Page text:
Avengers: Infinity War, Marvel’s two-part finale of the MCU is going to be massive…mind-boggling-ly massive. Future newcomers like Captain Marvel, Doctor Strange, and Black Panther will come together with old standbys like Captain America, The Hulk, and Iron Man to face off in the final showdown between the Mad Titan, Thanos, that will span both space and Earth. Toss in the rest of the Avengers as well as maybe some Ant-Man and Spidey for good measure. Oh, and the Guardians of the Galaxy will likely show up for the fight too. Holy shit.
But what about the Defenders, Marvel’s group of grittier superheroes that inhabit Hell’s Kitchen and have been beating the piss out of bad guys on Netflix? We’ve met Jessica Jones, Daredevil, and Luke Cage already. Cage will get his solo outing on Netflix next year and fourth Defenders member Iron Fist will get his in the next few years. Despite the fact that they inhabit Marvel’s “shared” universe, they still remain properties of Marvel Television, and the rift between the TV and the movie side of Marvel means the “shared” universe isn’t so “share-y” after all. Speaking at Brazilian Comic-Con CCXP, Captain America: Civil War and Avengers: Infinity War co-director Anthony Russo shared (via Collider) some not-so-hopeful remarks about the Defenders making an appearance.
“It’s complicated. When we start to serialize the telling of stories is difficult. You have to have a lot of control and focus on the course of history. The films are controlled by a group led by Kevin Feige, so they function as a unit. Other products, even if they are from Marvel, are controlled by others. Then there is the possibility of a crossover, but is more complicated. It is a smaller version of the problem that exists when thinking that Fox has the rights to certain characters, Sony and others. As storytellers, we only have control over what happens in Marvel movies, but everything is possible, Spider-Man was possible!”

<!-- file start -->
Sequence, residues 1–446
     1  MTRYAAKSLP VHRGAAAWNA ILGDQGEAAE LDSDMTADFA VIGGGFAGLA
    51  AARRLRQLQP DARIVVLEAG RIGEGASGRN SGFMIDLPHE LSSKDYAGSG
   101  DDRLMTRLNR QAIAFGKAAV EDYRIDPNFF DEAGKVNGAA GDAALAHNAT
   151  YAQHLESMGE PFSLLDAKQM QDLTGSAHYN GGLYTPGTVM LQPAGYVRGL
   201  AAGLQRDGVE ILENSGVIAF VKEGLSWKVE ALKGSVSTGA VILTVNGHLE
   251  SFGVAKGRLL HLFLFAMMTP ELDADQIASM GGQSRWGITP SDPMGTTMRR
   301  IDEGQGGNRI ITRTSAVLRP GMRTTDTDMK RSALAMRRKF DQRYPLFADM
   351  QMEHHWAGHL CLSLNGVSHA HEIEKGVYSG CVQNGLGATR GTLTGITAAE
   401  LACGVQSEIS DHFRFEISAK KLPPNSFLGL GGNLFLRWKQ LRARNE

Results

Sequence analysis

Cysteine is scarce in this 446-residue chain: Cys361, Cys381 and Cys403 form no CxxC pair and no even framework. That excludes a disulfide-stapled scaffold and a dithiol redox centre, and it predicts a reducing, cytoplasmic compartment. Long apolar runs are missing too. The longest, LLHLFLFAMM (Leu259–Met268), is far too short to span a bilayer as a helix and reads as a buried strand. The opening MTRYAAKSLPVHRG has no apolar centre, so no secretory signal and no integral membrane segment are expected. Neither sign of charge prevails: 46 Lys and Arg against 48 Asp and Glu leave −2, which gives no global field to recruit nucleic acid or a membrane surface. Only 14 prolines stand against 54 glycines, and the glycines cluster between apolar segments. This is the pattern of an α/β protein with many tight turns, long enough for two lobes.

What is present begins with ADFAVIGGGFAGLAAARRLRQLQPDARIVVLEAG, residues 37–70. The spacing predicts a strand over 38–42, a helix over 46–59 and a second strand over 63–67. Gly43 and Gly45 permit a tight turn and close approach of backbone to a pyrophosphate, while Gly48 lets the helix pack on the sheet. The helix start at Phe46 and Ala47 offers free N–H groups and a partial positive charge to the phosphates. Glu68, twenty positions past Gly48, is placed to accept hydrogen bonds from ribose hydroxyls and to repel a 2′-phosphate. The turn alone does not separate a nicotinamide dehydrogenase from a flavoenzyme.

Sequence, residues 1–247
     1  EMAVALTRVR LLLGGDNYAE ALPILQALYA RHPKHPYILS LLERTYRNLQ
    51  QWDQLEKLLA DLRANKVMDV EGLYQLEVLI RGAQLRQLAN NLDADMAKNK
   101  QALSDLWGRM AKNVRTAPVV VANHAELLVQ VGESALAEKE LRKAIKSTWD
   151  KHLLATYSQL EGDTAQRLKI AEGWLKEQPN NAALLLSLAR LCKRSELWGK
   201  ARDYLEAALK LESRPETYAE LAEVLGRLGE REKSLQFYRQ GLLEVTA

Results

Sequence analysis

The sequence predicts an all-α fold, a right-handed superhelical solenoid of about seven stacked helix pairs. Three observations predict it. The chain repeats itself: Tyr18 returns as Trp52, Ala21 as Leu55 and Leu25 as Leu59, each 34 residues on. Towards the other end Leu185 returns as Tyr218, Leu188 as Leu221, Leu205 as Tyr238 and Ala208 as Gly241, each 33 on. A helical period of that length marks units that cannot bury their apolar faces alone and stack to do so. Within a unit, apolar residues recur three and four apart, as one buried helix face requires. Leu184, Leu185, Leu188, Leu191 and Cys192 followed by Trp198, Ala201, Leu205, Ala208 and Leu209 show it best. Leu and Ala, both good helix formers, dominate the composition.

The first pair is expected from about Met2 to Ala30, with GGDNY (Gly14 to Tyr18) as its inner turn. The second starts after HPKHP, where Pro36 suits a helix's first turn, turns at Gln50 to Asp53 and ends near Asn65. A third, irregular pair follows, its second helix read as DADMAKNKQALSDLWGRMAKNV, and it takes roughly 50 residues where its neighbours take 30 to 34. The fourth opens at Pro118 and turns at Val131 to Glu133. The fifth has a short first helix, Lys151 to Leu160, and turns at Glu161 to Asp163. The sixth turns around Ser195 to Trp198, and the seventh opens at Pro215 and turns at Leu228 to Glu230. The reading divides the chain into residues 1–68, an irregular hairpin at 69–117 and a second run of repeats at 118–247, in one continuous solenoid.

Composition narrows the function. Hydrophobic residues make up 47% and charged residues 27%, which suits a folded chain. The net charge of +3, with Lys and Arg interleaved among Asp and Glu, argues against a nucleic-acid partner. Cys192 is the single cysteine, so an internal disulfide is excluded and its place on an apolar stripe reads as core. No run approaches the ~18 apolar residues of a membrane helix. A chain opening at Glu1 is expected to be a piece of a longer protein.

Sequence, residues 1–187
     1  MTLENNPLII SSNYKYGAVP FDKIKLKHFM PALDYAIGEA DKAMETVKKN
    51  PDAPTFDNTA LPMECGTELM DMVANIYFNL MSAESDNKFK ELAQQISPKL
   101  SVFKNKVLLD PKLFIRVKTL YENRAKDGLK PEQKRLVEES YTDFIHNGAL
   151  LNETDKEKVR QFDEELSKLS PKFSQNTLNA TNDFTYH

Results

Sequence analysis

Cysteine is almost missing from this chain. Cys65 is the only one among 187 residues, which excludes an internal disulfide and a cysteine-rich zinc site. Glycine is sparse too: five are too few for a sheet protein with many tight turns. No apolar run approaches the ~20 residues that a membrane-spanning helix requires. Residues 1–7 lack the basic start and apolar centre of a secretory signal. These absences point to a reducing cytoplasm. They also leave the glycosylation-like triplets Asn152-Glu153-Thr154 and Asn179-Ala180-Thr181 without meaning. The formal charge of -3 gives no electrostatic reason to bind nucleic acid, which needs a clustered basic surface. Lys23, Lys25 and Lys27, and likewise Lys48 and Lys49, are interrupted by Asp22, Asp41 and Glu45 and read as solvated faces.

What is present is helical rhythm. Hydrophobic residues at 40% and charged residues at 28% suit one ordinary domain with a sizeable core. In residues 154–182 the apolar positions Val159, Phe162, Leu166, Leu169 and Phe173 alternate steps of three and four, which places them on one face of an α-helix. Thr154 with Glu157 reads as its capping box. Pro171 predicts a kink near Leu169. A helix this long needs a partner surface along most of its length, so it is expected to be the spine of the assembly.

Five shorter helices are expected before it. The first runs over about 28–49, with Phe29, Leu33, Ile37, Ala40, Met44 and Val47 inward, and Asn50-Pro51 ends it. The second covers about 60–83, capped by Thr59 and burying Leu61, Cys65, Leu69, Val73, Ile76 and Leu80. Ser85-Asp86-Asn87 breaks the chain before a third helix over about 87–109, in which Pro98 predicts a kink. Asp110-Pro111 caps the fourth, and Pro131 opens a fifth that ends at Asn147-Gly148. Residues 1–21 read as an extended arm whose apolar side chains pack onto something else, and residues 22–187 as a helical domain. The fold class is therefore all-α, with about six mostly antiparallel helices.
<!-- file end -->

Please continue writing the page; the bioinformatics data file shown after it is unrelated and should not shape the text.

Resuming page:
So basically it’s a possibility, but incredibly complicated because of ding-ding-ding…politics. Marvel Studios and Marvel TV aren’t as “share-y” as many fans hoped. It’s another reason why some are frustrated with the idea of the “shared universe”. While it looked great on paper originally, it has yet to work out quite like some hoped it would. Some characters belong to Marvel Studios and others belong to Marvel TV and each of those divisions has their own ideas for their own properties. Netflix and Marvel TV may not want to let Daredevil and the rest of the Defenders into the MCU. A leap like that might take away from the gritty, street-level, aura that’s helped garner their respective shows so much success. They’ve carved out their own cool, dark, noir-ish universe in Hell’s Kitchen. How jarring would it be to see Iron Man or Groot fighting alongside Daredevil or Jessica Jones? That could be a tough sell.
So could it be a good thing that the two divisions don’t play together so well? Maybe. The integrity of characters and stories are important, and mashing them all up for the sake of spectacle could backfire and leave fans even more upset. The little Marvel references and easter eggs in Jessica Jones and Daredevil might just have to do as far as resembling a “shared” universe, for now. Avengers: Infinity War is still a long way off and anything can happen between now and then.